Roots ‘N’ Blues to draw crowd, musical artists

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Jacob Sykuta

Next weekend, downtown Columbia will be hectic, filled with people from around the country, all to experience what will be the 11th annual Roots N’ Blues N’ BBQ Festival. Since 2007 the festival features artists representing the genres of blues, gospel, country, folk, bluegrass, rock, and soul.
This year’s musical lineup boasts highly decorated artists who are sure to deliver an incredible performance. Some of these acts include Ryan Adams, a multi-Grammy award nominee, along with John Prine, a two time Grammy award winner and member of the Nashville songwriter Hall of Fame. In addition to these two more famous artists, other nationally and locally renowned artists such as Leon Bridges, Gary Clark Jr., and the Norm Ruebling Band are featured for this weekend of music. Although there are only these select featured artists for the 2017 festival, there will still be live performances from over 20 other Midwest artists that give a taste of the new age genre of gospel and rock music. Band director Steve Mathews appreciates the festivals’ love of music and is planning to attend this year once again.
“The music that Roots N’ Blues brings to the table every year is unbelievable,” Mathews said. “Although I grew up a long time ago, it’s hard not to be fascinated by the way blues and country music has evolved over the years and even since the festival was first started.”
Along with Mathews, junior Ben Hendricks believes the artists that perform at the festival are something special. Growing grown up around this ‘modern country’ music, Bell is a true fan of the culture that blues, country, and soul music have in today’s society.
“I’ve gone to Roots N’ Blues the past few years and it’s been absolutely amazing.” Hendricks said. “I love getting to go downtown and listen to the local artists perform music that I’ve grown up around. It’s so much better than listening to the radio or to my phone and the festival has helped me to make memories that I’ll never forget.”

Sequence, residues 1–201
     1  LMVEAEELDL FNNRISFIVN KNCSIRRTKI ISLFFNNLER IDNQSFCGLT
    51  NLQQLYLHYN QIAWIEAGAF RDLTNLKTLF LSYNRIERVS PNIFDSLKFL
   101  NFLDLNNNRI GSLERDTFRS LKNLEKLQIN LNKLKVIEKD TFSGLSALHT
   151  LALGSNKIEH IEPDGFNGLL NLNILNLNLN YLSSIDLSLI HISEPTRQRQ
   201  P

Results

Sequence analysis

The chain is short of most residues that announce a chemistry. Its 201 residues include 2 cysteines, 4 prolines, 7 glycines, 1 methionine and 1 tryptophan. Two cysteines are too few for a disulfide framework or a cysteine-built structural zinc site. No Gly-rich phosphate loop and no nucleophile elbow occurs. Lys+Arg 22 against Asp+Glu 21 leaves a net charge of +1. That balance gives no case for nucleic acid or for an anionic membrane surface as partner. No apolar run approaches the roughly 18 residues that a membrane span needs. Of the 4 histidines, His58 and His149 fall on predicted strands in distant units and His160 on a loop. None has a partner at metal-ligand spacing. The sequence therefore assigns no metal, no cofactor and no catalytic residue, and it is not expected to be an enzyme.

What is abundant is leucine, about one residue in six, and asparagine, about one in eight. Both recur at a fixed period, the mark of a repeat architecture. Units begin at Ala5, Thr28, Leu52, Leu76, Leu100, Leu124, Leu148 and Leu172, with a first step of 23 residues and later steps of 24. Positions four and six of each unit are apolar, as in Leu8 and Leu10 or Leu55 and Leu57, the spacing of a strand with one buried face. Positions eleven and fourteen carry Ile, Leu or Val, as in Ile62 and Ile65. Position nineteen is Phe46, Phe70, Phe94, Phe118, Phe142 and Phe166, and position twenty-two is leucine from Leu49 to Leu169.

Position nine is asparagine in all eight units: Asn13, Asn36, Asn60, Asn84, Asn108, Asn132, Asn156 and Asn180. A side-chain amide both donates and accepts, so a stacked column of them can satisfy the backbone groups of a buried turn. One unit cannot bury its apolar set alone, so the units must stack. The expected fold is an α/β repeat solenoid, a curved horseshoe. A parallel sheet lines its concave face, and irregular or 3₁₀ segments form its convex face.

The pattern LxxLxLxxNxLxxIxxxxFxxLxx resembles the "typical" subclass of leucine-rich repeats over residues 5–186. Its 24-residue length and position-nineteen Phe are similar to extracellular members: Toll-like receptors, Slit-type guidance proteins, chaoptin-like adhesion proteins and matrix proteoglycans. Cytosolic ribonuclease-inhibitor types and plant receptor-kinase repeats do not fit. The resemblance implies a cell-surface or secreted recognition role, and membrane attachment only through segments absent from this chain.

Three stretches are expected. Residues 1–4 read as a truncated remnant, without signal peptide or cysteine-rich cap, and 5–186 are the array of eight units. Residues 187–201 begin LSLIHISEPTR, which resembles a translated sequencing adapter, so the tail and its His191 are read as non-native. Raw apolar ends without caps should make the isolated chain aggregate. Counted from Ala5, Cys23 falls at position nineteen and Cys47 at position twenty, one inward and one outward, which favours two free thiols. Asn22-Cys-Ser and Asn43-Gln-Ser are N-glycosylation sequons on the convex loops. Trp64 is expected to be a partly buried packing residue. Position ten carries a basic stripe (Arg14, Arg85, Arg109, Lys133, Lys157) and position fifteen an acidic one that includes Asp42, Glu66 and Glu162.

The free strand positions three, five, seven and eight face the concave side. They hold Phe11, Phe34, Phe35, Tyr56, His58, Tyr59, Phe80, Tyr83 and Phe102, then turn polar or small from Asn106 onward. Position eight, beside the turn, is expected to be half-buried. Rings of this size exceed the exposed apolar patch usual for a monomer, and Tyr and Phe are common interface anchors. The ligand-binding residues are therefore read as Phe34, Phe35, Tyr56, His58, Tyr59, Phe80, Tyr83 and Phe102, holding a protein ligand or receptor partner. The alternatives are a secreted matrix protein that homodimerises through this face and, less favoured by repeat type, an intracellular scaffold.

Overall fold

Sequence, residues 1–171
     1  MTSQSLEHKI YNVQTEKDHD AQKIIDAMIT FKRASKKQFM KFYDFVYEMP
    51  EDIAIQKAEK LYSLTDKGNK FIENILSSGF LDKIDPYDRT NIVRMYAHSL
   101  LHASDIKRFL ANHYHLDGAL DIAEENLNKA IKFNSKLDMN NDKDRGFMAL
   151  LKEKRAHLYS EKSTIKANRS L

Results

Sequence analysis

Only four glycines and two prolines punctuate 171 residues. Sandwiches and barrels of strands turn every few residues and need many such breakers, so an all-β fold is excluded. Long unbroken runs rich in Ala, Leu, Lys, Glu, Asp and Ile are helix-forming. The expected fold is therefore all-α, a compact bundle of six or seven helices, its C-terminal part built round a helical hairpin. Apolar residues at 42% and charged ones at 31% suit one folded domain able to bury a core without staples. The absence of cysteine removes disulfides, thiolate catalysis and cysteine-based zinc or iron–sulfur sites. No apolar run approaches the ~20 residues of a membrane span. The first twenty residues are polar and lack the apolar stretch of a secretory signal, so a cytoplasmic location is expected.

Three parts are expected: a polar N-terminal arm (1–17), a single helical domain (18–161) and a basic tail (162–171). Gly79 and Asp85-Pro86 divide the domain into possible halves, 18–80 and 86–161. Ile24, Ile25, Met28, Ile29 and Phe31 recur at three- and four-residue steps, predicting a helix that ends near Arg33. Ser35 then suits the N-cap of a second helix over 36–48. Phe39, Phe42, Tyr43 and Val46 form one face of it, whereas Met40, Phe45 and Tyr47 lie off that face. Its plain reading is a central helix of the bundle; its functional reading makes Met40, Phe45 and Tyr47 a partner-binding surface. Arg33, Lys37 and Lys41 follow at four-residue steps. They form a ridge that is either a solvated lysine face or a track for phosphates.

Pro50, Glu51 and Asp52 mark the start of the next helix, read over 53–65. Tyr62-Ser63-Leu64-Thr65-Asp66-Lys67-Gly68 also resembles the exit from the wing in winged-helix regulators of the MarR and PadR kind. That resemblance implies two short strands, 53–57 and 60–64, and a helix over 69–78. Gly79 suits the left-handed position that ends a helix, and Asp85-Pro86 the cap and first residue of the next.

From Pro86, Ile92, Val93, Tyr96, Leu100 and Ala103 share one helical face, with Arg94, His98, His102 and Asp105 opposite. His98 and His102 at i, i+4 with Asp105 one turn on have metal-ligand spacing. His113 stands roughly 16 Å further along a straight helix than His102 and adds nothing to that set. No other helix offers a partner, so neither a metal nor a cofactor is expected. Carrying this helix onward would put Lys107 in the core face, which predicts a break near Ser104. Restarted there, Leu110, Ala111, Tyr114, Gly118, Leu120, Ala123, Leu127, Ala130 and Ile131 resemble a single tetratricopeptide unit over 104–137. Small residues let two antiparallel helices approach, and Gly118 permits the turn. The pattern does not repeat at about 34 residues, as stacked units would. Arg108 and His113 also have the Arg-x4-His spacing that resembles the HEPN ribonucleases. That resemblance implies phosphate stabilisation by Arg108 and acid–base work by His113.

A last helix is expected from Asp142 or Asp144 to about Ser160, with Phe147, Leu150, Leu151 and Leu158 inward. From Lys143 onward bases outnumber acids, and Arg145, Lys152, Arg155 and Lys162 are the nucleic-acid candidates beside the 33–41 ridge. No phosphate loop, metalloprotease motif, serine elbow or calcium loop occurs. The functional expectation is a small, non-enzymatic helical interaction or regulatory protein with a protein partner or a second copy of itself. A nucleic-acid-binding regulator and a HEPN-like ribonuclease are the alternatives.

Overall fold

In addition to the life-changing music, the festival is staying true to their name offering tons of local food trucks and other vendors. Barbecue is a part of Missouri culture, and during the Roots N’ Blues festival, that culture comes here for Columbia to experience. Vendors like Missouri Legacy Beef, Smokin Chicks BBQ and Sugarfire Smokehouse are sure to bring happiness to all of the food lovers traveling to Columbia for the festival. If the local barbecue isn’t filling enough, Jamaican Jerk Hut, Lily’s Cantina, Manzo’s Pizza, and many other Columbia food trucks will return this year to sell even more delicious food. For junior HanBin Kim, the fantastic barbecue is one of the most important things about the festival.
“Like most people, I love food.” Kim said. “Getting to taste true, delicious Missouri barbecue is always great, and even though I choose the barbecue over food trucks, I know that the food that the trucks are selling is just as good.”
With the plethora of wildly talented artists and world class food, the third and final aspect to the festival is often forgotten but is very important to the Midwest and Missouri culture. This part of the festival may seem rather tame in comparison to the loud music and delicious food; however, it is an opportunity for small businesses to sell beautiful products, in most cases handmade, that can be used in numerous ways throughout the day. This year’s craft vendors include Gypsy Wagon Wares, Indigo Child Gift Shop, Lite-em-up, Midnight Museum, Mountain Metal Arts, all in addition to many other small businesses trying to put themselves out for purchase.
“Roots N’ Blues brings so much entertainment and fun that everyone in the community can enjoy. Everybody likes different parts about the festival,” Kim said, “but in the end, it’s a way for the Columbia to experience part of our culture that is usually forgotten about and in my opinion, it brings us together and no matter what age you are, attending Roots N’ Blues should be your number one priority during the last weekend of September.”